Kia Joorabchian: Iran-born businessman and agent, educated in London. Boyhood Arsenal fan, once reported to be interested in a potential West Ham takeover. Engineered the duo's move from Brazilian club Corinthians and was linked with companies that owned their contracts.
Alan Pardew: Led the Hammers to the brink of an FA Cup final win against Liverpool before a penalty shootout defeat in May 2006. Dismissed in December 2006.
Alan Curbishley: Replaced Pardew for the remainder of the 2006-07 campaign, but left West Ham three games into the 2008-09 season.
Neil Warnock: Disgruntled Sheffield-born Blades boss, who blamed the Tevez affair for relegation and losing his job. Current Cardiff City boss.
Kevin McCabe: Sheffield United chairman fought for compensation before reaching an out-of-court settlement, which he believes actually saved the West Ham from going bust. Recently lost control of the club in a power struggle with Saudi's Prince Abdullah.
Eggert Magnusson: Icelandic biscuit baron who took over West Ham from chairman Terry Brown. "I think Pardew is a great manager," he said on arrival in November 2006. Sacked him three weeks later and stayed a year before selling up amid financial crisis.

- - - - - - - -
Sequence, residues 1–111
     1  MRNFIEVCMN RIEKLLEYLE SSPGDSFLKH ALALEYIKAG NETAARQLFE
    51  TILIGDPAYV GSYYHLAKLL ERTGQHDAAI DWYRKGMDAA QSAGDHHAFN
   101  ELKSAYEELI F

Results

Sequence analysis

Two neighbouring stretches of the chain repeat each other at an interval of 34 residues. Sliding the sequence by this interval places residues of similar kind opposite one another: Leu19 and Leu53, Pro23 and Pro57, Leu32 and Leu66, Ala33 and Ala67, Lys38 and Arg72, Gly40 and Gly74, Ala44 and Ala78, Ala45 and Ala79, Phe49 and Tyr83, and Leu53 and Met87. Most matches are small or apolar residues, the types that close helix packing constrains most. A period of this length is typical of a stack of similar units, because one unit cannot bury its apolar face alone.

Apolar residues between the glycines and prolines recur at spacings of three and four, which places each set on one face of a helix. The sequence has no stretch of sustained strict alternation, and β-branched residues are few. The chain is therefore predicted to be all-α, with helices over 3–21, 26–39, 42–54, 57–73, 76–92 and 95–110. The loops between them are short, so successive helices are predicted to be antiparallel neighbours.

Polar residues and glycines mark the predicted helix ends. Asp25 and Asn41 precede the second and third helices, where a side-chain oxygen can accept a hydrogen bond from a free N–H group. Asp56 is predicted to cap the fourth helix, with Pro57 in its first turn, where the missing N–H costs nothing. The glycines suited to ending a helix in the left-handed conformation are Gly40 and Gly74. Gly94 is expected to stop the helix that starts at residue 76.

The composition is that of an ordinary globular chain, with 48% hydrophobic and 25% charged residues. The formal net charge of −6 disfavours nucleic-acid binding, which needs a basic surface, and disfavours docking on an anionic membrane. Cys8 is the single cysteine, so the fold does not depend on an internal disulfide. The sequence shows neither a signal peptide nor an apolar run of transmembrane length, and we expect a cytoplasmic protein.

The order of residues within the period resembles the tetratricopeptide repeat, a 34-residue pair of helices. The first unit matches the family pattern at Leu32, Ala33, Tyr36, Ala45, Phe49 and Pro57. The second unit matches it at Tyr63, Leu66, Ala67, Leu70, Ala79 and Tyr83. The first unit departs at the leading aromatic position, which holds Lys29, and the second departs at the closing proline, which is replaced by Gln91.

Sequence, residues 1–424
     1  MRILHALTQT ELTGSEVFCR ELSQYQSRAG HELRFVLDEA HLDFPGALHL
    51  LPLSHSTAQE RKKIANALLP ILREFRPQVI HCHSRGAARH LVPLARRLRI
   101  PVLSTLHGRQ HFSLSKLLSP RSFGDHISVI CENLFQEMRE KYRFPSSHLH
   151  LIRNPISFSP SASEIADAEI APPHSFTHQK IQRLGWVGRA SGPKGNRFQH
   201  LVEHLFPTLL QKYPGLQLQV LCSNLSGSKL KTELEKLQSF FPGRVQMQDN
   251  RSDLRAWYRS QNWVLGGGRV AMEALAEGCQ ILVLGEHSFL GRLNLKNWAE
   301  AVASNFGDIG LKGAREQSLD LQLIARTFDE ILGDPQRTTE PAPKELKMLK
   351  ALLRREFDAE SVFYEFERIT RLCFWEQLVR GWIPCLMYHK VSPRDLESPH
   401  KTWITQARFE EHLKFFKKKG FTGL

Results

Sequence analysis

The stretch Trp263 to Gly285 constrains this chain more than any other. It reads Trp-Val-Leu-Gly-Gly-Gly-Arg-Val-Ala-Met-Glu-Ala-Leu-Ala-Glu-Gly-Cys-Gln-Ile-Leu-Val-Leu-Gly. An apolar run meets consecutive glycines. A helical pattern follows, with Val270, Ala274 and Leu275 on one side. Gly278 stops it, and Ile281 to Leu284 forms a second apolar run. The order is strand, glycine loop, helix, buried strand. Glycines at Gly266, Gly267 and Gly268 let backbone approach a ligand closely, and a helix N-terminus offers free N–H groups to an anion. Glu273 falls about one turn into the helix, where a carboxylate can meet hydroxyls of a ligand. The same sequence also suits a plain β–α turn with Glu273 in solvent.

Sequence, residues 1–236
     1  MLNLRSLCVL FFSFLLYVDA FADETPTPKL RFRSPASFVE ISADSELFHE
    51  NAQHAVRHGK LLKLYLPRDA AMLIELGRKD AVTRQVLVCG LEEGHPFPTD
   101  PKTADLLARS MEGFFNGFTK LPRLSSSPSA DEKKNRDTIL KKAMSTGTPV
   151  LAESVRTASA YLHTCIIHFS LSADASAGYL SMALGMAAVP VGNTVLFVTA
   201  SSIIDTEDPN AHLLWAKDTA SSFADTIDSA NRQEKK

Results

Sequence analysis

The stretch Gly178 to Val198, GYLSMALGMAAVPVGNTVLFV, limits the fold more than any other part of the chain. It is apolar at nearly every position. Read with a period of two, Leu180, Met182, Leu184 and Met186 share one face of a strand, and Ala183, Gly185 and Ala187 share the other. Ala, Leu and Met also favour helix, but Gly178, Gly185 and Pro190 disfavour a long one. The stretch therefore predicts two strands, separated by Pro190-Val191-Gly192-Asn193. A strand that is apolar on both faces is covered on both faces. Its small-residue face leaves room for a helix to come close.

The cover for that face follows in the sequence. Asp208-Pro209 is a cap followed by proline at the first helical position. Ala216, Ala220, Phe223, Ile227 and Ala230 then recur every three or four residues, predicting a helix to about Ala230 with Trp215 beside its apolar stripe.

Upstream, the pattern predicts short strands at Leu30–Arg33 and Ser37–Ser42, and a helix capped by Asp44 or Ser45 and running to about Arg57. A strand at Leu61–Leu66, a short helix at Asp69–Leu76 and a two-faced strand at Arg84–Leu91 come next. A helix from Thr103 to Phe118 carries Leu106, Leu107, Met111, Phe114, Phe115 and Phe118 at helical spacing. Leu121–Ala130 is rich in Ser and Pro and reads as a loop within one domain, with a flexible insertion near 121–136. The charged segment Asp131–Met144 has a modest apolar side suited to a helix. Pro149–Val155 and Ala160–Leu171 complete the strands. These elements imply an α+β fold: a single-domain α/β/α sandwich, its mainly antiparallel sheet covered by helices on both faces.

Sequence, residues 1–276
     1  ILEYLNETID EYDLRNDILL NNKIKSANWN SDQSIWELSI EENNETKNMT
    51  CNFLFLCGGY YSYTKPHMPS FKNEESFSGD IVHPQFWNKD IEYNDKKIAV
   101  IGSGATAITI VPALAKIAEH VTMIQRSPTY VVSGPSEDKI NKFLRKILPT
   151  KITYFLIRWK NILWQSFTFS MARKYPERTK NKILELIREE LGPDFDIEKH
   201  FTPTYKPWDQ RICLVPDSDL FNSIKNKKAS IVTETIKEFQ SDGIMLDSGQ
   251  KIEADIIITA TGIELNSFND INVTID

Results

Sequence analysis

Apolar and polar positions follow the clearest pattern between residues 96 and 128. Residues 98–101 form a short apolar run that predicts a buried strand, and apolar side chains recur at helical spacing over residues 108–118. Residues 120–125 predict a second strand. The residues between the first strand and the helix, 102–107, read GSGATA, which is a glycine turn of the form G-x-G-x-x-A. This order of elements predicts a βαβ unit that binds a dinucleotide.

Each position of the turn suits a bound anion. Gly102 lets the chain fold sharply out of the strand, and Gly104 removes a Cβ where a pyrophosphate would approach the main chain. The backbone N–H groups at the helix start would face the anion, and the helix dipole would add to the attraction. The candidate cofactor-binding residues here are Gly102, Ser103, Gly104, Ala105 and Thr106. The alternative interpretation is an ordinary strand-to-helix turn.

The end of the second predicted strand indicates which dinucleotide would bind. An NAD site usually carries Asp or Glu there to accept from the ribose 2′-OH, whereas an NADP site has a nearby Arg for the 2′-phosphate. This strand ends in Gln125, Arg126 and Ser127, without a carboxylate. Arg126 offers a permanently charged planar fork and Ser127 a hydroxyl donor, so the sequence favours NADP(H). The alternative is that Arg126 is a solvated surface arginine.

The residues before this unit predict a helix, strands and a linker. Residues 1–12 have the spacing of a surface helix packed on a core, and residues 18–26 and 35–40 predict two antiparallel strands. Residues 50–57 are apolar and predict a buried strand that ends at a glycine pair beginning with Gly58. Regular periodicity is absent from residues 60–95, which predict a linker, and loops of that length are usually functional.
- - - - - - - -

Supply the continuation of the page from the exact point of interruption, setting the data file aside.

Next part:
The deal that shocked football
Tevez and Mascherano, both 22 and reportedly targets of Chelsea, Arsenal and Manchester United after starring in the 2006 World Cup, only knew about the deal two days before it took place.
The pair, and manager Alan Pardew, looked slightly nonplussed at a hastily arranged news conference heralding their arrival.
"They were like rabbits in the headlights. Neither of them spoke much English, and it was quite clear Pardew hadn't known a great deal about it all," recalls Howlett.
"I guess there was always a feeling of disbelief at how they had managed to pull off the signings and whether it was entirely above board."
West Ham were found guilty in April 2007 of acting improperly and withholding vital documentation, but Tevez was allowed to continue playing and his part in the Hammers' survival rankled with the Blades.
"I remember writing a piece that [Sheffield United] were hopeful of being reinstated, and also that Neil Warnock was considering suing West Ham. It was such a drawn-out affair," remembers Biggs.
Howlett says initial excitement at the double-transfer was tempered as Hammers fans realised Tevez did not look totally fit.
"Who knows? If we had played Marlon Harewood instead, we might not have been in that relegation position in the first place," he says. "But it was just ridiculous what happened at the end of that season. It will never be repeated."
So what can we expect at the weekend?
The teams have only met once since, in a League Cup tie five years ago, which away side Sheffield United won on penalties.
"There's likely to be some lingering animosity between the two sets of supporters," says Howlett. "We were seen by other fans as a club that had cheated.
"I'm sure there will be chants of 'one Carlos Tevez' and fans wearing Tevez face masks, but probably no more than that."
Asked whether Saturday's game might have extra spice, Blades manager and Sheffield United fan Chris Wilder said: "I think it does but there's a lot of water gone under the bridge since and it's a long time ago."
"The relationship between the two clubs had been friendly, and I'm sure it will be again," adds Biggs.